The Strokes Lead New York's New Rock Revolution

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"We would play in this little room in my house," Fab says, "and my parents would bang on the walls: 'Stop playing so loud!' " Julian's stepfather and Fab and Nikolai's older brothers introduced the boys to Bob Marley, Jane's Addiction, the Velvet Underground. "Our music was, like, Doors-y, but trying to be classical," Fab remembers. "We all took music classes and tried writing songs, and when we put them together they were this crazy amalgam of insane ideas that we thought was really cool."

Julian started writing music when he was fifteen by figuring out Nirvana songs on guitar, or by trying to improve on the vocal melodies of tunes he heard on the radio. "I wanted to get to the bottom of what makes a song really blow you away or hit you hard emotionally," he says. "I went through different stages where I'd listen and figure out the songs, and once I thought I'd absorbed everything from that particular artist, I'd move on. Nirvana. The Wall. Bob Marley. Velvet Underground. Beach Boys. Classical stuff. Stuff on the radio. Even songs I don't like, sometimes I can learn something from. I'd practice anytime I wasn't at school or doing homework. Well, I never did homework."

In 1993, at age fifteen, Julian was doing time in a Swiss boarding school called La Rosee, where he met Albert. After graduation, Albert lived in Los Angeles before moving to New York in 1998 to attend film school. He wound up joining the Strokes instead. A wiry gent with a mess of curly hair, Albert recalls his first night jamming with the band: "I had a 102 fever, and they got me drunk. I heard their stuff and really wanted to be a part of it. It's like I met them and all of a sudden I knew them very well."

Several nights a week, they'd hole up in their rehearsal space and practice for ten hours at a time. In the fall of 2000, their demo perked the ears of Ryan Gentles, then a talent booker at New York's Mercury Lounge. He scheduled the band for four shows in December of that year. A buzz began to swell, and Gentles quit his job to manage the band. In March 2001, after a protracted bidding war, the Strokes signed with RCA.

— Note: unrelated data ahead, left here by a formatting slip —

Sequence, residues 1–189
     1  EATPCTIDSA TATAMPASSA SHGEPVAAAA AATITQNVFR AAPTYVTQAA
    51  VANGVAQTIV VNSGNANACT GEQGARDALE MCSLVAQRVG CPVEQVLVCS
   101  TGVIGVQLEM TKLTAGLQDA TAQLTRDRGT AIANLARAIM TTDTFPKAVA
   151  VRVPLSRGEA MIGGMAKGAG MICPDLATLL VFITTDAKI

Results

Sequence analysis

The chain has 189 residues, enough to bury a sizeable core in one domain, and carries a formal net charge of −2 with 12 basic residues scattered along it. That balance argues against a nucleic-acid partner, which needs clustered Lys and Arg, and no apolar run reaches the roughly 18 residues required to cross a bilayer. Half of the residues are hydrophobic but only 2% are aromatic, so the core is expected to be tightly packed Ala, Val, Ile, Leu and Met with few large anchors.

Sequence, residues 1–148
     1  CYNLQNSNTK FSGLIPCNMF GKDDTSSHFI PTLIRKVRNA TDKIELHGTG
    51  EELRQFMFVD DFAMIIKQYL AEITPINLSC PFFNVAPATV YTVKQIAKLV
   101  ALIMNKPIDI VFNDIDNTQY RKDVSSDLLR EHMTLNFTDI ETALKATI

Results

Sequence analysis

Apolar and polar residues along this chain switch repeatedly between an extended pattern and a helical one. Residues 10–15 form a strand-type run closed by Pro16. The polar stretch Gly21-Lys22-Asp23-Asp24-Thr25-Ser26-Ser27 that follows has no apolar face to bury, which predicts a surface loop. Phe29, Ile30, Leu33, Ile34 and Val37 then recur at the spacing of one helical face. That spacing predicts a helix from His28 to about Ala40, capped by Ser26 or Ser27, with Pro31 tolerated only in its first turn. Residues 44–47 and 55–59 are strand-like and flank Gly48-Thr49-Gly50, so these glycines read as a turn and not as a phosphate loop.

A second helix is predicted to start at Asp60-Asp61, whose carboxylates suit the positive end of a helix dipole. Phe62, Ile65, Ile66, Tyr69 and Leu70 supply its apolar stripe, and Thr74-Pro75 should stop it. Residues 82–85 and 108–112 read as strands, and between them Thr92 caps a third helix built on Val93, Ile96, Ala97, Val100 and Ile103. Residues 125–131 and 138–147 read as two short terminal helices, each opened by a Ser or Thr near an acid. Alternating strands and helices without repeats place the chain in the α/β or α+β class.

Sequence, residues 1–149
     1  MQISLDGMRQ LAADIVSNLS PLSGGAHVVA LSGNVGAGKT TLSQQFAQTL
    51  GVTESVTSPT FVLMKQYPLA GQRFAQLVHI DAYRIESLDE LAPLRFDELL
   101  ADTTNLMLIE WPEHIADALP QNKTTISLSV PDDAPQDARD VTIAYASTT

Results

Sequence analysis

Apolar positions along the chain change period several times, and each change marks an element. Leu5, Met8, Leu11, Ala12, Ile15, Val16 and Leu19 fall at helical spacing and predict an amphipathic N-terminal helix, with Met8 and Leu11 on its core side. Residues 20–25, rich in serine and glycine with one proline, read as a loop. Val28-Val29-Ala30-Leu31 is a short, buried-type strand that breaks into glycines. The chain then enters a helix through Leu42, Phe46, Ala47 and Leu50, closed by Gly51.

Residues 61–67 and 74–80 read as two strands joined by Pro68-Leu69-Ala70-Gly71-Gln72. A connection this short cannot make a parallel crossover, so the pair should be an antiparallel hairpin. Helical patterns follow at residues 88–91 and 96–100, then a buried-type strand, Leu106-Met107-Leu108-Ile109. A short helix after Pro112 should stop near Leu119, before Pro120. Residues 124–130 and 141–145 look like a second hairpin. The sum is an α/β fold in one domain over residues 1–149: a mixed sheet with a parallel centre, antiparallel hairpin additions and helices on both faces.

The time since has been a bit of a blur. Two tours of England, where the Strokes have a platinum record; frequent glowing notices (good songs!) and frequent denunciations (pretty boys!) at home; shows attended by the well known and well heeled: Kate Moss and Winona Ryder, Oasis' Gallagher brothers, Joe Strummer and Courtney Love, who has written a new song called "But Julian, I'm a Little Older Than You." And everywhere the band goes, groupie chicks skulk around, hoping to catch one of the boys' eyes. More than their eyes, really.

This month, the band finishes a second round of European dates. And then, hopefully, comes some rest and time to write new songs. "When we finish touring, we need to forget everything that's happened and go back to the way we were before," says Nick, staring plaintively out the front window of the band's double-decker tour bus as it cruises through northern England. "Back when it was just the five of us in our rehearsal space working on songs that we thought would sound better than the previous ones. That's all we ever wanted to do."

In the downstairs lounge of the bus, Julian is listening to music and smoking a cigarette. "What did you want to be," he asks me, "when you were a kid?"

"This?" I say with a shrug. "What about you?"

"I just wanted to write music that could touch people," he says. "A songwriter – you play a few chords and sing a melody that's been done a thousand times, and now you're a singer-songwriter. I think it takes a little more than that to do something that matters. And I wish I could write a song where all the parts work. When you hear a song like that, it's like finding a new friend. Maybe you've been fucking alone and looking for someone, and when you find them, it's like everything seems better. I feel like sometimes great artists – it won't politically affect anything, but it can make a crack in the ceiling and you can see a bit of light. You don't know what's gonna come, but you try. I think eighty-five percent of the fun is just going for it. And not going for it for your own gratification, but making personal sacrifices to do it right." Suddenly self-conscious about having waxed philosophical, he looks me in the eyes and laughs. "Or not."

This story is from the April 11th, 2002 issue of Rolling Stone.

To read the new issue of Rolling Stone online, plus the entire RS archive: Click Here

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Song Stories

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A country-folk song of epic proportions, "San Francisco Mabel Joy" tells the tale of a poor Georgia farmboy who wound up in prison after a move to the Bay Area found love turning into tragedy. First released by Mickey Newbury in 1969, it might be more familiar through covers by Waylon Jennings, Joan Baez and Kenny Rogers. "It was a five-minute song written in a two-minute world," Newbury said. "I was told it would never be cut by any artist ... I was told you could not use the term 'redneck' in a song and get it recorded."

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